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1 of the presentation says "These methods are LAZY!"

Iterable transform(Iterable, Function)*
Iterable filter(Iterable, Predicate)*
T find(Iterable<T>, Predicate)
Iterable concat(Iterable<Iterable>)
Iterable cycle(Iterable)
T getOnlyElement(Iterable<T>)
Iterable<T> reverse(List<T>)

Can someone help me understand what they mean by this, lets say I've a collection of Persons and I apply a filter to return only the persons whose last name is DOE.

So does this mean that the "filtering happens only on the first call to"

List<Person> persons= ....
Iterable doeOnly= Iterables.filter(persons,DOE_AS_LAST_NAME_PREDICATE);
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Filtering must happen on the first call to doeOnly.hasNext() not next(), because if there is only one element remaining but it fails the predicate then hasNext() must return false, but the filter does not know that until it has fetched the non-matching element. – finnw Jan 30 '10 at 3:35

1 Answer 1

up vote 20 down vote accepted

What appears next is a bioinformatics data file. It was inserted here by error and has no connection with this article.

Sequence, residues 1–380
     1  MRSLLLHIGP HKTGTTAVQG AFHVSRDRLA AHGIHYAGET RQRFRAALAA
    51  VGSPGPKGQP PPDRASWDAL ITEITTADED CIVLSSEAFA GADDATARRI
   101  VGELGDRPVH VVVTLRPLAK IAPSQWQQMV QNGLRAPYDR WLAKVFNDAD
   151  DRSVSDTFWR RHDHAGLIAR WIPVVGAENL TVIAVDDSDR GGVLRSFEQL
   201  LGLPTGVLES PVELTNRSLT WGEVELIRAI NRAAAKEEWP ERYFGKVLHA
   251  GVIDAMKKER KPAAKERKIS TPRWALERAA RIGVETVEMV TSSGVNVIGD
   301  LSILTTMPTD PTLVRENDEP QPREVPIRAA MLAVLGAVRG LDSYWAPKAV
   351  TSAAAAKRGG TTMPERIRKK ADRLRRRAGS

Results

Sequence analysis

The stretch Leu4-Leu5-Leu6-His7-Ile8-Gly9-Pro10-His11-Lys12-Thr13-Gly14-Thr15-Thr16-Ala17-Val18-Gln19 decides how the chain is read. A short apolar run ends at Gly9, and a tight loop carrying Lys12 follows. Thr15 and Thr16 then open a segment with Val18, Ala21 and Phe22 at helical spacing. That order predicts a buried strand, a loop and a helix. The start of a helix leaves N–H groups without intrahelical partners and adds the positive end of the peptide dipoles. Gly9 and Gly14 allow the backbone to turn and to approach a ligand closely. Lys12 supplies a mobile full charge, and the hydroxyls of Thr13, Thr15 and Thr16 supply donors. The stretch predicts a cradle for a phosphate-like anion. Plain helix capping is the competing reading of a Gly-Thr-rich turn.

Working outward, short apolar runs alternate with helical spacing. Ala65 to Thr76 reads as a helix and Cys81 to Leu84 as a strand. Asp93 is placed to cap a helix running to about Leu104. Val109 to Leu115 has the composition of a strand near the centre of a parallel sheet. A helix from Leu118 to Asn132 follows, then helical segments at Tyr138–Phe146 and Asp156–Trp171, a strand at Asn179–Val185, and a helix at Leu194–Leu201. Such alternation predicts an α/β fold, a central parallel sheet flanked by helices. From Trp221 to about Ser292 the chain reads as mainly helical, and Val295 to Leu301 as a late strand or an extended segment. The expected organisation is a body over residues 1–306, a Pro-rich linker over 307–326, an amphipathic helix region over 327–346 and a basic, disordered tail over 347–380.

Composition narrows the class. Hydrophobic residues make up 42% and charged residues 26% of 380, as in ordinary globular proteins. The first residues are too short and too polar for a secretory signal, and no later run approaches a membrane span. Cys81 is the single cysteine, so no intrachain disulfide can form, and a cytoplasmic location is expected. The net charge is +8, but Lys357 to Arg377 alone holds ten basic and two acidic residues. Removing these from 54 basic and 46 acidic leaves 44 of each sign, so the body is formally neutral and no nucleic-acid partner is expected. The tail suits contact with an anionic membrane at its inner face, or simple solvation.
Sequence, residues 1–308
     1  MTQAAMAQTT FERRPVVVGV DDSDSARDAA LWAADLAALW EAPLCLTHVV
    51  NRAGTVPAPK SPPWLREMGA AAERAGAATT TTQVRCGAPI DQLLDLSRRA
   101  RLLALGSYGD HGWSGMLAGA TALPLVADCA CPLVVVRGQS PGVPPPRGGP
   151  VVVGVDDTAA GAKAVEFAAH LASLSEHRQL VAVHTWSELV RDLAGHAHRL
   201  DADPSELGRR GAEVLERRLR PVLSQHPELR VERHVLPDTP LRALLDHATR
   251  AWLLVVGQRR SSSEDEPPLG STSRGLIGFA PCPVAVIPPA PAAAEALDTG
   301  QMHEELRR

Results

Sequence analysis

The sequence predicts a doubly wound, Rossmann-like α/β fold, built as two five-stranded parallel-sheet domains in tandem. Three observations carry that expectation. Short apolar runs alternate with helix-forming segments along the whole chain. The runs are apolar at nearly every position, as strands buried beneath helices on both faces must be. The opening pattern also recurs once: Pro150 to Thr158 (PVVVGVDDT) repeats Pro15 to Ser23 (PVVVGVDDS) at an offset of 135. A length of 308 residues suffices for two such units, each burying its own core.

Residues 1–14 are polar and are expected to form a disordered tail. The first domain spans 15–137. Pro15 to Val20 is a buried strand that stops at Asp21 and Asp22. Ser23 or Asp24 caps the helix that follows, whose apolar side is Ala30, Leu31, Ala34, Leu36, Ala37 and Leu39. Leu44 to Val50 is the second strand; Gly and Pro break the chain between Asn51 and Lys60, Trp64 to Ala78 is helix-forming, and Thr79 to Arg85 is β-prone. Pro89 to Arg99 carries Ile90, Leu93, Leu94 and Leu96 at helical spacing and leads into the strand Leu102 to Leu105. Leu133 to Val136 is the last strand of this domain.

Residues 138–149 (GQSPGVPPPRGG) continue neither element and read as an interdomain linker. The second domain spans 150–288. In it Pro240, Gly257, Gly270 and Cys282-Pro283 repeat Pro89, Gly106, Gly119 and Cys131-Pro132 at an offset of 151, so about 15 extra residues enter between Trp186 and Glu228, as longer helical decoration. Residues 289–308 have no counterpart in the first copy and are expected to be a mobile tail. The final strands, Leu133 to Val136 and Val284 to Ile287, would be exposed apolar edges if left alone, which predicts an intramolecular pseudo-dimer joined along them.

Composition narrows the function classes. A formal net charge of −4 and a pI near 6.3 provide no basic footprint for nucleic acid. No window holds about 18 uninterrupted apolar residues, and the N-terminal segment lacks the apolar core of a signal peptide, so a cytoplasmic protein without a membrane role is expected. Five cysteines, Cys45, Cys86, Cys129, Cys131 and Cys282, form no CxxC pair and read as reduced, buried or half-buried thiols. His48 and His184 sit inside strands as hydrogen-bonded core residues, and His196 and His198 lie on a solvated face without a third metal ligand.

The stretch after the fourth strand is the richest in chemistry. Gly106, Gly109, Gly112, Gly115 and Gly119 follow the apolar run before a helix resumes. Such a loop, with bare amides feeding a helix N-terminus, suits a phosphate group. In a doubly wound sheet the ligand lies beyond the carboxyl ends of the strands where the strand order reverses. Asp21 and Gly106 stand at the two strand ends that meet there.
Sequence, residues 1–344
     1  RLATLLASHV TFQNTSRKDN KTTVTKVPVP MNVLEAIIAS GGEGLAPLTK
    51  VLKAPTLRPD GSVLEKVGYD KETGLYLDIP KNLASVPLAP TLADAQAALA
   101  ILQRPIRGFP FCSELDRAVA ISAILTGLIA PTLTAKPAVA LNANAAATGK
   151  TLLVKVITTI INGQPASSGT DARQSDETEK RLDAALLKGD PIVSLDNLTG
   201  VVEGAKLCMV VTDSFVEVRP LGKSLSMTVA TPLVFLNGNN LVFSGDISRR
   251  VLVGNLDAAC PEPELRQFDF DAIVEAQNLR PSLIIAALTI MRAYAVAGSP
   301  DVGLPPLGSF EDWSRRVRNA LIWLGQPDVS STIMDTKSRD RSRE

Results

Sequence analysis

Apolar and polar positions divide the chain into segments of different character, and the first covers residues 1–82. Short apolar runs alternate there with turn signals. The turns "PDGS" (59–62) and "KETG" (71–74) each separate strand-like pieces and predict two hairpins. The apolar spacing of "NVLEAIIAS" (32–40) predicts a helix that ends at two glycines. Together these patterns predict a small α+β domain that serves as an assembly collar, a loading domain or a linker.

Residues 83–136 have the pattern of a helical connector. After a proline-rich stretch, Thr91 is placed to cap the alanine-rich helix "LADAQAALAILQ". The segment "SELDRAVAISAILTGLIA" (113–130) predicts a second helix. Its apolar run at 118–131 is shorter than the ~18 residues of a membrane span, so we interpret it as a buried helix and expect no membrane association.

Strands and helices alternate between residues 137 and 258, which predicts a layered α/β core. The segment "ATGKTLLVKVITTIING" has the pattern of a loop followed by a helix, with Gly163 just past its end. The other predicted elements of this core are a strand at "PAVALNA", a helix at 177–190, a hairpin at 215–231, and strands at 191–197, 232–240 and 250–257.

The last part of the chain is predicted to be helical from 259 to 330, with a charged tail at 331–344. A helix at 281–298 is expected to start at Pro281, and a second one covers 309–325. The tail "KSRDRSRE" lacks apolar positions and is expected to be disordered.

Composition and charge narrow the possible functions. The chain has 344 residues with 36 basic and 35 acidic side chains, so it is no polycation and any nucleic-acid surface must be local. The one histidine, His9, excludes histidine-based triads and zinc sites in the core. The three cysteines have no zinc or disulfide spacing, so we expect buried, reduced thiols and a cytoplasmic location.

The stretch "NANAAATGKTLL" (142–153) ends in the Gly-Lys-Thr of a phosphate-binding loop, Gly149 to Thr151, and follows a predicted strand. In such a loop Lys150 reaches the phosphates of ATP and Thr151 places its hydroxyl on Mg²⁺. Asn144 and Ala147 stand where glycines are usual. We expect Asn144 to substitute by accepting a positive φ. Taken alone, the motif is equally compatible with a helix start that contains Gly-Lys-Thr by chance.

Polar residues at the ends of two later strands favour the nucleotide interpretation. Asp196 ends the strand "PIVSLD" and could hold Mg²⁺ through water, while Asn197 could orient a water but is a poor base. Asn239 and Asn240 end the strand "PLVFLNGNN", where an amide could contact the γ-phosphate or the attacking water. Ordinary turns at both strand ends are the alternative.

It means that the data is filtered as you request it - it doesn't go through your list immediately, and build up a new list of the filtered data. Instead, when you call (e.g. automatically in an enhanced for loop) the iterator will ask its upstream data source (your collection) for the next data item. It will then try to match this against the filter. If it matches it, it'll return that item. Otherwise, it'll ask for another item from the collection, keeping going until it either runs out of items or finds a match.

Then when you next ask for the next item, it'll keep going from where it left off.

In other words, it doesn't just mean "filtering happens only on the first call to" - it means "filtering happens on each call to" where iterator is the result of calling doeOnly.iterator().

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Helpful Definitions: – S.Lott Jan 28 '10 at 16:06
thx for both the responses...also does google-collect use applicative or delayed evaluation – Pangea Jan 28 '10 at 16:57
i understood the laziness in filter and other methods as they return Iterable...but how can be explain the laziness w.r.t find and getOnlyElement – Pangea Jan 28 '10 at 17:12
@Pangea: I suspect those shouldn't be documented as being lazy. – Jon Skeet Jan 28 '10 at 17:32
But those methods are lazy! They do no work until they absolutely have to. It just happens to be right away that they have to. :) – Kevin Bourrillion Jan 29 '10 at 19:24

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